I spent a week running with an Apple Watch to see how it functions as a running watch. In the first part of this two-part series, I looked at the Apple Watch’s features. In this second part, I’ll report my experience running with an Apple Watch during several different types of runs, indoors and outdoors, and compare performance.
Day 1 – Running Outside
For my first test of running with an Apple Watch, I chose a familiar route around my neighborhood. I decided to run both the Nike+ Running app and the Apple Watch Workout app to compare how they measured the mileage. I also channeled audio through the Apple Watch rather than the iPhone.
The first thing I noticed when I glanced down to check my pace was that the Nike+ Running app took about a full second to update. I assume this is because the app on the Apple Watch functions more like a remote for the Nike+ Running app on my iPhone, and the iPhone app only sends the data when you’re looking at the watch (rather than sending continuously and potentially burning through the battery). It took a while to get used to that.
The second thing I noticed was when I hit one mile with the Nike+ Running app, the Apple Watch Workout app was well behind. Because the route is very familiar, I can confirm the Nike+ app was accurate.
This lag was consistent throughout my run. At mile 2 on Nike+, the Workout app showed 1.72 miles, and at mile 3 on Nike+ the Workout app showed 2.67.
The other thing I noticed was that I wasn’t hearing the audio prompts from the Nike+ Running iPhone app, which let me know at each mile what my pace and elapsed time is. I assumed that I would still be able to hear them, even though my headphones were synced to the Apple Watch.
Day 2 – Running Outside
I ran a similar but slightly longer route outside, again running both the Apple Watch Workout app and Nike+ Running app. This time, however, I synced my headphones to my phone rather than the watch.
The biggest challenge I had on this run was that the Nike+ Running app crashed on the watch three times while it kept running on the iPhone. I couldn’t figure out a way to restart it on the watch without stopping the run on the iPhone and starting a brand new run. Shortly after this run, Nike pushed an app update with bug improvements. This was the only time I encountered this particular problem, and I’ve run more than a dozen times since, so I’m not too concerned with it.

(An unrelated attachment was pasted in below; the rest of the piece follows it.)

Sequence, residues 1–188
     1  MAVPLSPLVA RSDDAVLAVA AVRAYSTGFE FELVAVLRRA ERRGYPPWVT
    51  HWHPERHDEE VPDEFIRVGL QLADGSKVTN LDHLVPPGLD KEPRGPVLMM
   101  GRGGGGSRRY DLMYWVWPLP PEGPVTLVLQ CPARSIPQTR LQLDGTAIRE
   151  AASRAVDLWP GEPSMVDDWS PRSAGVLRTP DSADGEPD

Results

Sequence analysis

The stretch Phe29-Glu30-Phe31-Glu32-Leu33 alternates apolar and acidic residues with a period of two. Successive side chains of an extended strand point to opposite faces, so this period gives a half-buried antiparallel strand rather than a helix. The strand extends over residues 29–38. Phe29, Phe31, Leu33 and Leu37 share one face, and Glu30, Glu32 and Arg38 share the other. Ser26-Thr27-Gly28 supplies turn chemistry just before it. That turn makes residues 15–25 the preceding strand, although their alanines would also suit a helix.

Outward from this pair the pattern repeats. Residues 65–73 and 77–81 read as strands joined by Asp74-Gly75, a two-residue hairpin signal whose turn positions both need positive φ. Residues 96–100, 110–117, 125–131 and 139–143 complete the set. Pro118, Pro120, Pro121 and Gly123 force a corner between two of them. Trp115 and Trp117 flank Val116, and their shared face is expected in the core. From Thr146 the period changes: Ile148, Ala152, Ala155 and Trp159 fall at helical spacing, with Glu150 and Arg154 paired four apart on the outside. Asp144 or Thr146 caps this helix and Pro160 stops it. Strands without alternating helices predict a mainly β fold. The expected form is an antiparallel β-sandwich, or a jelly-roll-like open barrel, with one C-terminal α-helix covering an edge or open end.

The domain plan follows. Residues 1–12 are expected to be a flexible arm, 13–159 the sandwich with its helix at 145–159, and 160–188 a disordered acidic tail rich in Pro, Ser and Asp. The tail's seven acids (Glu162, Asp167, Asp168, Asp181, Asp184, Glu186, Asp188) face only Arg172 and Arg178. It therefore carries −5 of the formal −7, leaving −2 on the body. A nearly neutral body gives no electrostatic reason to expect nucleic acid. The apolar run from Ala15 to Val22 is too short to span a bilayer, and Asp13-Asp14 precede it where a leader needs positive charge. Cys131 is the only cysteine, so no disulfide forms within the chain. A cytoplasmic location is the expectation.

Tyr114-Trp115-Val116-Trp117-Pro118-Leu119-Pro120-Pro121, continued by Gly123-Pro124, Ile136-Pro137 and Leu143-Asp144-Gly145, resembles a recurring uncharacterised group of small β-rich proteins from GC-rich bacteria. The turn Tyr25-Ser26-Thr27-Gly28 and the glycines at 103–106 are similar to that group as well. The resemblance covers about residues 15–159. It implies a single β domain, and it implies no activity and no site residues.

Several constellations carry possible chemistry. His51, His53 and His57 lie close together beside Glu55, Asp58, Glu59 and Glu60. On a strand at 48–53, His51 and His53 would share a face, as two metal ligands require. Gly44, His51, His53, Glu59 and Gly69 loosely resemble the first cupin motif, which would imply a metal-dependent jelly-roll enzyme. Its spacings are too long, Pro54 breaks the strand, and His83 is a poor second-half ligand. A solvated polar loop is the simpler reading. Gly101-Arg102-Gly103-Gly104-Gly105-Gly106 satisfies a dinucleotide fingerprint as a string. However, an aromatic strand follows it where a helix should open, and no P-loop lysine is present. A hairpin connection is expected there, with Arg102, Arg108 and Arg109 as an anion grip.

I found the distances logged were much closer, with the final distance on the Nike+ Running app at 3.55 miles and the Workout app at 3.46 miles. It’s possible the difference would have been greater if the Nike+ app hadn’t crashed.
Day 3 – Treadmill Run
I ran 5 miles on a treadmill using just the Apple Watch Workout app. With the current version of the watchOS, third-party apps, like Nike+ Running, aren’t able to access the hardware of the Apple Watch, like the accelerometer or heart rate sensor, leaving the Workout app as the only one that can measure a treadmill workout.
I found the app overestimated my pace by about a minute per mile on average. At slower speeds the difference was greater, and it narrowed somewhat at faster speeds, but was typically :45 seconds to a minute faster than I was actually running.
By the end of the five mile treadmill run, the watch was a full quarter mile ahead. I wonder if the difference had to do with my cadence, which is probably a little higher than the average recreational runner, meaning I take shorter strides and more of them per minute.
Day 4 – Treadmill Run
I hit the treadmill again to see if I would have any different results from the day before, but they were nearly identical, with the Apple Watch Workout app overestimating my distance.
I suppose there really isn’t any need for accurate measurements from a running watch on a treadmill. I did like the ability to check my heart rate without having to grab the handles on the treadmill.
Day 5 – Outdoor Run
For my final outdoor test I again ran the Nike+ Running app and Apple Watch Workout app side-by-side for a 10K. I again found the Workout app usually underestimating my pace and therefore the distance. By the end of the 6.2 mile run the Workout app had logged 6 miles.
While this is by no means a scientific study and only represents one week worth of running, I think it’s safe to say that the Apple Watch Workout app is unreliable indoors and outdoors. Because the Nike+ Running app simply draws from the GPS data and app on the iPhone, it’s pretty accurate. The biggest annoyance is the delay between looking at the watch and seeing the current distance and pace data update.
My recommendation is that a casual runner, running with an Apple Watch will find that it provides far more conveniences than frustrations. A serious runner may decide that the tradeoffs are too great and end up sticking with a bona fide running watch.
The good news is that when watchOS 2.0 is released this fall, and third-party app developers are able to access the Apple Watch hardware directly, it may increase the accuracy of Nike+ Running or any of the other third-party running apps. I’ll have an update when that’s released.